Change for an Alzheimer’s patient is decidedly stressful because it alters the few things they still know. Thus, moving in with us was upsetting to my grandpa; and on the first morning, he decided to “reorganize” our living room. This was our first of many experiences with his organizational skills, and it was rather amusing. “This place is a dump!” we heard him mutter as he rearranged the flower arrangement, pulled the pillows off the couches, and hid the drink coasters. Later that day, my dad took him on a walk, and my grandfather asked him if they were in the neighborhood where my father resided. Upon receiving the affirmative, Grandpa told him, “I thought I did better for you!” Plink! Plink!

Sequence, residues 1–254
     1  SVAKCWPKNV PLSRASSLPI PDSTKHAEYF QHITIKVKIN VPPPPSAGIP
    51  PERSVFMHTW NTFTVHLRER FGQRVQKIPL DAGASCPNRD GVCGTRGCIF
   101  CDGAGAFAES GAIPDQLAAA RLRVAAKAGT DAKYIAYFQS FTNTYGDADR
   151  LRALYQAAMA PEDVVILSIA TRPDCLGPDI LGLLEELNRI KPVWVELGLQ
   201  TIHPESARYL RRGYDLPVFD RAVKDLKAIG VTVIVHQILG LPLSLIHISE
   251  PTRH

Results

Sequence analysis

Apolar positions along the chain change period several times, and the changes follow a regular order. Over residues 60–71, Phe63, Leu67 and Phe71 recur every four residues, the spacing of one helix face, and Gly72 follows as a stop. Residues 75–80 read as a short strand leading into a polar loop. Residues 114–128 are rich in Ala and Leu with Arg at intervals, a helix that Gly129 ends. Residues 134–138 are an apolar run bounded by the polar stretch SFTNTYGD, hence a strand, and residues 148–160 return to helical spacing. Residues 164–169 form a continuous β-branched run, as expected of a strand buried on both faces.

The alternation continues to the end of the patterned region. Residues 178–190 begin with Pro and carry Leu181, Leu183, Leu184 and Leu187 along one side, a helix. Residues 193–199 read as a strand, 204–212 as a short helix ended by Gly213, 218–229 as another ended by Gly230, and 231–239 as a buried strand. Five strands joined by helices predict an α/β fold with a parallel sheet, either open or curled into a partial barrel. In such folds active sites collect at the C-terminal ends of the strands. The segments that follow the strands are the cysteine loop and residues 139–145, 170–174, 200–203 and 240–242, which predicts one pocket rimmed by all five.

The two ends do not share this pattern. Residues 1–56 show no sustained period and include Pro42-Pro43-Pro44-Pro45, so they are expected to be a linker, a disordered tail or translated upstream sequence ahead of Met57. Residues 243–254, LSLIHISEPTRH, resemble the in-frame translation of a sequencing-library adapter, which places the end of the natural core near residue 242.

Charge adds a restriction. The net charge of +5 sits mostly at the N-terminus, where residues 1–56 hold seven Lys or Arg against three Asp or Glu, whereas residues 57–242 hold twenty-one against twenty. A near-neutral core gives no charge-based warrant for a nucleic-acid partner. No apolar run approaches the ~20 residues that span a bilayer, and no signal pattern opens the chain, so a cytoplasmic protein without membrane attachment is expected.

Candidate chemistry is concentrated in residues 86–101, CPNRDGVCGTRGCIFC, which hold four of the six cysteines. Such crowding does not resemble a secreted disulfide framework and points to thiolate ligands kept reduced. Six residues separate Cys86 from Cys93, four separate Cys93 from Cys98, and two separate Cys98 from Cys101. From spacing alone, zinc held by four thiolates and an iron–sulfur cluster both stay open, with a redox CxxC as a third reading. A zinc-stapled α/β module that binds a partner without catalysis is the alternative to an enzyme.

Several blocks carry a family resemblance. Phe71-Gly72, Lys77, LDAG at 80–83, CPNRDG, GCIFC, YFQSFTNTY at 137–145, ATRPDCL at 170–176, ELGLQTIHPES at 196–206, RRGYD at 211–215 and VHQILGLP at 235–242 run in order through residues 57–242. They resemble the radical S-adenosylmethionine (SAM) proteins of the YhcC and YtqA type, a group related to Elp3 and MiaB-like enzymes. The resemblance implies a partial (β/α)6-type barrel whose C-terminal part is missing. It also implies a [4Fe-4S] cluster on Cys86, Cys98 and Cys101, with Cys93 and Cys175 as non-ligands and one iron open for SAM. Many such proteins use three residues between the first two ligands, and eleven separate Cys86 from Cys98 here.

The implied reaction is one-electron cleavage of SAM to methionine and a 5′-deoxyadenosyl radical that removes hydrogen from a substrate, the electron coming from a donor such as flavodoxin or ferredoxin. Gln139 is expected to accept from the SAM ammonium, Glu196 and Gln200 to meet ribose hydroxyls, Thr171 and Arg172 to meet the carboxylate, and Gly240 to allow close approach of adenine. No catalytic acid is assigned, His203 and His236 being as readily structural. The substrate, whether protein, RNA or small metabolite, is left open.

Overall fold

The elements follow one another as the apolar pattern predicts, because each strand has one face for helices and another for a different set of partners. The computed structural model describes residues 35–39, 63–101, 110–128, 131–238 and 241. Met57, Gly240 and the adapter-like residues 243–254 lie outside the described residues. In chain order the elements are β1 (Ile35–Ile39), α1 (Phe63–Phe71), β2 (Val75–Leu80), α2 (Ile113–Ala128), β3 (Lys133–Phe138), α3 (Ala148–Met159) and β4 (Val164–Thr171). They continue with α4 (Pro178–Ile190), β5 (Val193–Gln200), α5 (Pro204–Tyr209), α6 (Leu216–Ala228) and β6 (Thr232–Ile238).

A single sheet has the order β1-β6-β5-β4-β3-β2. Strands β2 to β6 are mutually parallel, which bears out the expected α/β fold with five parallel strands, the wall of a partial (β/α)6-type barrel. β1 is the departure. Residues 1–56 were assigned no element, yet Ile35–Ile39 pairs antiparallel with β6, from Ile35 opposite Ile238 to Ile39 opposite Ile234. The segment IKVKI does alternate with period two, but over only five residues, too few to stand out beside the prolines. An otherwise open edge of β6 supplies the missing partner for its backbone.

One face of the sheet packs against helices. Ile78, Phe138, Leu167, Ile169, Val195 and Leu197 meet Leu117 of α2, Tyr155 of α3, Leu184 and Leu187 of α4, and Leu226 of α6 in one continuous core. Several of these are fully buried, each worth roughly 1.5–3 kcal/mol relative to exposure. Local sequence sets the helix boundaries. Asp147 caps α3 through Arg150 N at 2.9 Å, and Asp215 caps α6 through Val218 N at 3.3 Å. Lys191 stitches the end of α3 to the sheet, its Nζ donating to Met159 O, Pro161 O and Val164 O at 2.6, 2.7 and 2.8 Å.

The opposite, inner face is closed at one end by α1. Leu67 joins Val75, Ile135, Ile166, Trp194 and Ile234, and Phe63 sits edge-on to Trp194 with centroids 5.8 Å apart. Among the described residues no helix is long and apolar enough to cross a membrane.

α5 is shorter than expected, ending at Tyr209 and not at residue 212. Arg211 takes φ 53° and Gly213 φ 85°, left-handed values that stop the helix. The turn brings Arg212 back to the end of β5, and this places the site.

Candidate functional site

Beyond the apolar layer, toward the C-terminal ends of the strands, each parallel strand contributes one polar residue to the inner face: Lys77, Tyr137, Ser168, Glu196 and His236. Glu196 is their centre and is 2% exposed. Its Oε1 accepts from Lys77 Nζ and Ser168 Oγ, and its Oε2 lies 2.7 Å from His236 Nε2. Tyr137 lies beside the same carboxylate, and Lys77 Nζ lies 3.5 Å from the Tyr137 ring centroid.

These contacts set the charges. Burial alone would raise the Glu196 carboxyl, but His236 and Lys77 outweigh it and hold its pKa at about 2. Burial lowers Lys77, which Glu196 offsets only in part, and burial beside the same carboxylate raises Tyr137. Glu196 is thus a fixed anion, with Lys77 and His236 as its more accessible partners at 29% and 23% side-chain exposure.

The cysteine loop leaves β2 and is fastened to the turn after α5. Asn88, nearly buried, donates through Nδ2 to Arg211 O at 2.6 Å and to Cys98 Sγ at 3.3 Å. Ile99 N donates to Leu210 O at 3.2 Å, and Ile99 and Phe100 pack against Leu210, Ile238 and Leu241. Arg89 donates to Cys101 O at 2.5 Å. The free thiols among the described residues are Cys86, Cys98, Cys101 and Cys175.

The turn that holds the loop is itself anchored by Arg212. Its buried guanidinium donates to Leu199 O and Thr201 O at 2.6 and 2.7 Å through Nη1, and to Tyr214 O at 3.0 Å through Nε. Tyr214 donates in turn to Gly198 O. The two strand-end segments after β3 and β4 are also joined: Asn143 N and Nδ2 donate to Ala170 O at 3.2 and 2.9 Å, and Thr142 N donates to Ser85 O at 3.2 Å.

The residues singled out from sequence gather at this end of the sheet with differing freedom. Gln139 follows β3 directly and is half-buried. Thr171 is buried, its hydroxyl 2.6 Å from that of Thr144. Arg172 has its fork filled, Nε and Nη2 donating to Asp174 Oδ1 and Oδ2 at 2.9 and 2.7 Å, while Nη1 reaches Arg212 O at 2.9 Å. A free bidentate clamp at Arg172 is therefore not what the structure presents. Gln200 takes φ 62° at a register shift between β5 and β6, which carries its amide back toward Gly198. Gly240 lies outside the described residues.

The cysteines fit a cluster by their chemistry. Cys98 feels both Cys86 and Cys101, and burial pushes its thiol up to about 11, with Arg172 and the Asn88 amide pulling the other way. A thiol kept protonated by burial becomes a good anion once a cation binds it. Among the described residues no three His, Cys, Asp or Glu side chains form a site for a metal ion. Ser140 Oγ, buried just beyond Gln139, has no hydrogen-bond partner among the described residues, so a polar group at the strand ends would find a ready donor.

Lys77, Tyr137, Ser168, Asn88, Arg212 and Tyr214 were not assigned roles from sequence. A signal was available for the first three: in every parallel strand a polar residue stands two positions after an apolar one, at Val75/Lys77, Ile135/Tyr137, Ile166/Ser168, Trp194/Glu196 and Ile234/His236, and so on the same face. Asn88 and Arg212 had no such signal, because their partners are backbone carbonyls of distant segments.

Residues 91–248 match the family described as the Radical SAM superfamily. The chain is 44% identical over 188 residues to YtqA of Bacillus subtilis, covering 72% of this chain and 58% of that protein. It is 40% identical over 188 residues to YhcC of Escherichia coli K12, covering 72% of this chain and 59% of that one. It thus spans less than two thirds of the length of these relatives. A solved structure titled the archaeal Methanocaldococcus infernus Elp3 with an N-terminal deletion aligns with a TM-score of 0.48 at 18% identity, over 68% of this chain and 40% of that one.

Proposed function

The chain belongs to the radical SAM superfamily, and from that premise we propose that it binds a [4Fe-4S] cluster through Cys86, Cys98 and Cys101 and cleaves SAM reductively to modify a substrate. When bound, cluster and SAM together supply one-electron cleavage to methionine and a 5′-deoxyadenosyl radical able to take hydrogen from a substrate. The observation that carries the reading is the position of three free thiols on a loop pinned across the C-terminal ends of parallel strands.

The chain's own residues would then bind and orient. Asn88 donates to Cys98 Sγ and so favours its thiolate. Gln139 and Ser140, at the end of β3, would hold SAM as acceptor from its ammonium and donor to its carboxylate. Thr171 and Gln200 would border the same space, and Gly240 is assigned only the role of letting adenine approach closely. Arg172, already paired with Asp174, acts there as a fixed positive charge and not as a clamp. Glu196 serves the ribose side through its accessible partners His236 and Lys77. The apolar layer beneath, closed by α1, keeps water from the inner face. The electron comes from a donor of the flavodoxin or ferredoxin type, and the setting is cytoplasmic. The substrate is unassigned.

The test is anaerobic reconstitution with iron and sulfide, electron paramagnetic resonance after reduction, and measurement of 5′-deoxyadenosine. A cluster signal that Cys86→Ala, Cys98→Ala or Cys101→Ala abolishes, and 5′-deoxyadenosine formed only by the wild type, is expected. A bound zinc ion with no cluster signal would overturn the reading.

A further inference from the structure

For a couple of months, my grandpa’s escape attempts were quite frequent. Alarms were mounted on the doors, and someone had to be on constant watch. With Alzheimer’s disease, the brain does not reset itself without a specific trigger of a foundational memory. In my grandpa’s case, taking a walk was frequently the source of such a trigger. However, in the same way that a walk could reset his brain, it could just as likely end in an escape attempt. Half of the walks I took with him either began or ended with me chasing him down the road—not because we were playing tag or any other light-hearted game, but because he would get it in his head that I wanted to harm him. I would have to chase him down and convince him that I was just his loving grandson. To the neighbors whose yards I chased him through, we must have been an amusing sight. A 16-year-old boy chasing a 74-year-old man with his shoes on wrong is an amusing sight to anyone but the 16-year-old boy. However, as miserable as it may have been at the time, it deeply affected me. Plink!